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Stock Market Indicator

Metrics, Metrics, Metrics. Almost every system I come up with first looks at college football and then I check to see if the success translates to the NFL. This system is the exception as it made my NFL magazine first, under the title Slipping and Sliding. However, when I tried to plug this system in for college football, it did not have the same results as it did in the NFL, as teams’ records fluctuate more and there is not as much parity. The college system I devised was built taking into account a longer term. What I did was take a 2-year result record vs the previous year’s win total and that got me to the NFL-type success percentages.

For example, in 2012 Ohio St had a Stock Market Indicator (SMI) of +5.5, which would be a Bull Market. The +5.5 was calculated by taking their average win total from 2009-2010, which was 11.5 (11-2 in ’09, 12-1 in ’10) and then subtracting their wins from ‘11 (just 6) which produced the +5.5. The +5.5 means that after two great seasons in ’09-‘10, the Buckeyes clearly underperformed in ‘11 and were poised for a big bounce back lthe next year (Bull Market). My Stock Market Indicator proved to be spot on as the Buckeyes were the Most Improved Team in the country going 12-0 in ’12! In ‘13 Auburn was coming off a 3-9 season following two years of a combined 22-5. That earned them a +8 in my Stock Market Indicator and they got to the National Title game! In 2014 TCU was +5 in the Bull Market and went from 4-8 to 12-1 and was the Most Improved Team in the country! In 2015 Tulsa was +5 and went from 2-10 to 6-7. In 2016 UCF was at the top of the Bull Market list at +10.5 and went from 0-12 to 6-7.

THE BULL MARKET: After several years I expanded my research to take a look back at all records since 1990 and I was quite surprised. Since 1990 there have been a total of 27 teams that had a +6 Stock Market Indicator meaning that the prior year’s win total was 6 wins less than the average of the 2 years prior. Of those 27 teams, only 3 teams have had a weaker record, while 23 improved and 1 stayed the same. That improvement was dramatic going from a combined 74-246 (23.1%) to 141-185 (43.2%). Teams in the +5.5 category have improved their record 15 times had a weaker record just 3 times and the same record twice. There have been 39 instances of teams being +5 in the SMI category and those teams were 29-9-1 (76.9%). The records for +4.5 are now 41-13-3 (76.8%) and despite going down to +4 in my Stock Market Indicator, it surprisingly jumped back up to 51-12-5 (82.4%), which are superior to the individual +4.5 and +5 range. The numbers do drop back to 74.2% for a +3.5 net wins, 71.9% for +3 and down to 64.9% for +2.5. However, just when you thought the trend would get lower, surprisingly +2.0 has a 71.6% success rate. Even teams that had a +1.5 SMI from the prior two years, went up or stayed the same 63.8% of the time and teams that were either +1 & +0.5 combined for 64.1%!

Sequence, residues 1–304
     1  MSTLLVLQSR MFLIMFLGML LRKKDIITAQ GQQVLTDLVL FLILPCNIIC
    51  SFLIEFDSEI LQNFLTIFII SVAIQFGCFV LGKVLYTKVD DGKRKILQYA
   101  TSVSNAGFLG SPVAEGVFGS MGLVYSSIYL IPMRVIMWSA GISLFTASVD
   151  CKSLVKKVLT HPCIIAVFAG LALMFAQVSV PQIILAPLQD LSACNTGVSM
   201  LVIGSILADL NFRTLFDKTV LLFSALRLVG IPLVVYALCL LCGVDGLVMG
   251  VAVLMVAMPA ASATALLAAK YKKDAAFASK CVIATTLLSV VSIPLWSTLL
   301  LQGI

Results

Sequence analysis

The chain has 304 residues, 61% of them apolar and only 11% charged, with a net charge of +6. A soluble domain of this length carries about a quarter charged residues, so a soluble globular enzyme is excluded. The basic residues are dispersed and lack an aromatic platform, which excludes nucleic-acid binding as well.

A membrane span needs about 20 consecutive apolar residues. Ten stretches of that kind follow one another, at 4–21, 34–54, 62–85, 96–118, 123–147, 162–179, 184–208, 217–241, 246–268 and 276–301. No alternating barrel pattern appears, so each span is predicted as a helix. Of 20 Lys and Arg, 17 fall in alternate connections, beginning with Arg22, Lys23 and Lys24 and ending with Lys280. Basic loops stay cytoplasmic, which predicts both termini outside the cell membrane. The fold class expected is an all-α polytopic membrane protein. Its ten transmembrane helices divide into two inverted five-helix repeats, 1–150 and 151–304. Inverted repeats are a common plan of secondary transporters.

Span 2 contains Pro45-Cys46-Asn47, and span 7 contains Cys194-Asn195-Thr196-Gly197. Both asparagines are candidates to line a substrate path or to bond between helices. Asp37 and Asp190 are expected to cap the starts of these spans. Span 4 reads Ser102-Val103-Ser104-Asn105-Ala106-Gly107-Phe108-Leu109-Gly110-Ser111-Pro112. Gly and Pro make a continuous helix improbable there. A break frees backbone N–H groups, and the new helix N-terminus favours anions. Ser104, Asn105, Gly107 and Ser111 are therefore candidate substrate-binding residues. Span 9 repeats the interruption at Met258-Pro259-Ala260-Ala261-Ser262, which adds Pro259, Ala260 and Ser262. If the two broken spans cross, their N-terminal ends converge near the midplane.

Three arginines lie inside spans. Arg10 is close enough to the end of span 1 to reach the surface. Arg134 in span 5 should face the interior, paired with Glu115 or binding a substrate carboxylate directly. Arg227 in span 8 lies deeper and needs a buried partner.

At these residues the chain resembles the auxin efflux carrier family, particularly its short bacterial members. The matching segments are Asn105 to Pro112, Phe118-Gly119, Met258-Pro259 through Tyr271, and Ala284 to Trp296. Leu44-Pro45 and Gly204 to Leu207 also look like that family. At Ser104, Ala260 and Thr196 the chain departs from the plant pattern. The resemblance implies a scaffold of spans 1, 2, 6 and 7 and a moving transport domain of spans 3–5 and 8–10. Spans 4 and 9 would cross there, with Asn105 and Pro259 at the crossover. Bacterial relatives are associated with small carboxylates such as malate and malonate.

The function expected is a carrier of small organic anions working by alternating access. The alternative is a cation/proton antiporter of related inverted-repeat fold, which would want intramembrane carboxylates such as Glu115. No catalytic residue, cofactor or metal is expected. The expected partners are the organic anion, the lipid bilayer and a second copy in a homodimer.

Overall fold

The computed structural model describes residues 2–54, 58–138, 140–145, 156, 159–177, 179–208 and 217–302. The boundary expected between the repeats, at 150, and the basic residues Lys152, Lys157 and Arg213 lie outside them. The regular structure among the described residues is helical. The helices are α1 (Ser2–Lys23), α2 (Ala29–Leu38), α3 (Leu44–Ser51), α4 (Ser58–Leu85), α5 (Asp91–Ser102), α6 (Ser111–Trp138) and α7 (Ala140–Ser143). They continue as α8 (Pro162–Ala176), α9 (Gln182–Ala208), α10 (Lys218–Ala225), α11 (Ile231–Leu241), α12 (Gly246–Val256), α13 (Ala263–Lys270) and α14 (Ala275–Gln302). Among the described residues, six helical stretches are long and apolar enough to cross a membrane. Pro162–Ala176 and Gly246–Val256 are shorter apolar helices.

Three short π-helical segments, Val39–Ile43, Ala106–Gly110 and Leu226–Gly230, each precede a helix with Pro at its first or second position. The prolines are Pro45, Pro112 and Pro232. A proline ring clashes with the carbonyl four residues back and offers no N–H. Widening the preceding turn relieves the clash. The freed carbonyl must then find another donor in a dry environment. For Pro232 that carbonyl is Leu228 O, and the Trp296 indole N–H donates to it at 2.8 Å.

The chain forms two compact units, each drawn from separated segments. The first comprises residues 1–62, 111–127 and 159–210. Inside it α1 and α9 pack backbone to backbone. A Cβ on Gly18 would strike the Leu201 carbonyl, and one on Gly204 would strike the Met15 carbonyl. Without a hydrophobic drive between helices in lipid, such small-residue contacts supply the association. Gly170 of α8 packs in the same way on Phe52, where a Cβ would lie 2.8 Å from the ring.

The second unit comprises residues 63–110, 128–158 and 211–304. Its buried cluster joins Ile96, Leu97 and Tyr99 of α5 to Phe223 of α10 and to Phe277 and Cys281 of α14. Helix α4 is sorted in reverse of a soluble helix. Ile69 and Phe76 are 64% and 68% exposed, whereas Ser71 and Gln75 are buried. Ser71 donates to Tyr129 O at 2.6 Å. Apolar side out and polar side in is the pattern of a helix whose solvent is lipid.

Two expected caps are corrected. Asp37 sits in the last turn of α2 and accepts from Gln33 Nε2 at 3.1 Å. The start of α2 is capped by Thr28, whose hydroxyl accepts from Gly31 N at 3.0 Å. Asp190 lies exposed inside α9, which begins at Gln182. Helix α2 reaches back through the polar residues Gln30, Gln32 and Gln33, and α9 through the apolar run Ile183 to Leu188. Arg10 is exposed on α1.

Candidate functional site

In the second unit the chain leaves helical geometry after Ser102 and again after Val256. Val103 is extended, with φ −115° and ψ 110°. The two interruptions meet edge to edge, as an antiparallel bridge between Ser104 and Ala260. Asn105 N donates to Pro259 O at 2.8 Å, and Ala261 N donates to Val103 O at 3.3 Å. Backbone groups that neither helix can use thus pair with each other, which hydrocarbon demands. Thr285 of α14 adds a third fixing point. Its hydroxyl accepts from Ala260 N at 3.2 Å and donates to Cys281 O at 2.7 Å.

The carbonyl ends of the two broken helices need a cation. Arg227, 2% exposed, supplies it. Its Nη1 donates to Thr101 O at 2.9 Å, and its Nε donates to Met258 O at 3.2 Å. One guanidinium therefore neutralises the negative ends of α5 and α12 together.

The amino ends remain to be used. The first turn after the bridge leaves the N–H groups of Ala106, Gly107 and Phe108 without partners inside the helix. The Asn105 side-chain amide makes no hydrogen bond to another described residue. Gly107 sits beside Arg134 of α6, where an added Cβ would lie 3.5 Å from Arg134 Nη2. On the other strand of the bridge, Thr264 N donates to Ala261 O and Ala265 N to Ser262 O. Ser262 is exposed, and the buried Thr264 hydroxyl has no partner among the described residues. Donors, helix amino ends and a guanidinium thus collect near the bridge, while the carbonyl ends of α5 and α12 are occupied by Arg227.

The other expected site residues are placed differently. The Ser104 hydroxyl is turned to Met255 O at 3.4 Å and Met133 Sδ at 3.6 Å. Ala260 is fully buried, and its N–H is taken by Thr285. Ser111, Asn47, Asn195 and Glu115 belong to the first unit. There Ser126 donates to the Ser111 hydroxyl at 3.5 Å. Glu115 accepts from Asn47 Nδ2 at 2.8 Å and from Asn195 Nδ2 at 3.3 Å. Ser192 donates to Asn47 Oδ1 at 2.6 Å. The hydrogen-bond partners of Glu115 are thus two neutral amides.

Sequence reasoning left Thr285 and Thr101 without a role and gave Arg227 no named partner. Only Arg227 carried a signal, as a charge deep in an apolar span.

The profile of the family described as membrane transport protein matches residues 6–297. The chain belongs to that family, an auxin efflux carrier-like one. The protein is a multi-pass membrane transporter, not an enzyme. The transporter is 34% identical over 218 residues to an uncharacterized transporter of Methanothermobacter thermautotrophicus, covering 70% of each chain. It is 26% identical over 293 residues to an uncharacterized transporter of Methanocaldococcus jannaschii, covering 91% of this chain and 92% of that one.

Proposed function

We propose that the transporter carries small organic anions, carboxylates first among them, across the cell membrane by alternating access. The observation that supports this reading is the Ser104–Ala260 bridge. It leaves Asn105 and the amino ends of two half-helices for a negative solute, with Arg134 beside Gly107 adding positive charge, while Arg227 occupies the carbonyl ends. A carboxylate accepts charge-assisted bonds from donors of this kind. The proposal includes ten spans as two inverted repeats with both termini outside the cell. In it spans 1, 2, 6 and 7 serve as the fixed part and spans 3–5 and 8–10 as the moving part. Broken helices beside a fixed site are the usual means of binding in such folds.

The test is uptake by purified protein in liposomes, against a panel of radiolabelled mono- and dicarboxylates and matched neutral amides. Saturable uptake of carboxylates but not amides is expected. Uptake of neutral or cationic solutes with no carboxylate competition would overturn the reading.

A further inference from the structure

Summing it all up, I will put it into 4 categories. Teams with a +6.0 SMI or higher are an almost perfect 23-3-1 (88.9%). Teams in the +4 to +5.5 range are 136-37-11 (79.9%) while teams in the +2 to +3.5 two-year SMI range are 264-126-41 (70.8%). Teams that were in the +.5 to +1.5 range are 308-203-62 (64.6%). Overall, of the 1,215 teams s/’90 that had a +.5 SMI or higher, 731 improved their record, and 115 had the same record meaning 69.6% of the time, teams in that category improved or had the same record.

This year 3 teams fall into the top bracket of +6 or more on the two-year SMI. Also listed are teams with a +5 or more on my SMI.

THE BEAR MARKET: Like all of my systems I put in my magazine, there is a two-way street to this Stock Market Indicator (SMI). I also have reviewed the numbers since 1990, on the Bear side of the market, teams with a negative indicator, indicating that a team had likely over achieved the prior season, and the numbers were similar to the Bull side. In fact of 39 teams that had a -6.0 SMI or lower since 1990, only 2 managed to improve their record. In 2003 Navy which went from 8-5 to 10-2 and in 2000 South Carolina which went from 8-4 to 9-3. The biggest drop-offs came in 1998. Tulane had a -7.5 SMI and went from 12-0 to 3-8. Interestingly in 1998 I called for Washington St to go from the Rose Bowl to last place in the Pac-10, which they did and in the 2 year SMI they were -6.0 and went from 10-2 to just 3-8.

A look at the 2 year SMI shows a powerful trend of basically 75.4% if teams have a -2.0 SMI or less since. Unlike the above positive Market Indicator, there were actually two teams that bucked the trend with a -7.5 or -7 and improved but overall the chart has higher percentages at the -6 & below level (34-2-3 94.9%). Teams that had a Stock Market Indicator of -5 or lower had a weaker or the same record the next year 92% of the time with 96 having a weaker record, only 9 with a stronger record and 8 having the same record. Even teams with a SMI between -3.0 to -4.5 were in a 76.1% category. The teams in the -2.0 to -2.5 Stock Market Indicator had a weaker or same record the next year 73.1% of the time. Teams in the -1 to -1.5 range had the same or weaker record only 63.6% of the time.

Bottom line is that a 92% trend of a weaker or same record occurs if teams have a -5 SMI or less, -3 to -4.5 is 76.1% and -2 to -2.5 is 73.1%. Overall, teams that had -2 SMI or lower had the weaker or the same record basically 77.6% of the time.

Last year of the 8 teams that rated a -5 or higher (in the box of this article), 6 had weaker record and one had the same. Here are the 9 teams with a -5.0 SMI or lower including 5 at -5.5 or higher.

Here is the complete list of the Stock Market Indicator. Teams highlighted in green are the Bull Market. Teams highlighted in red are the Bear Market.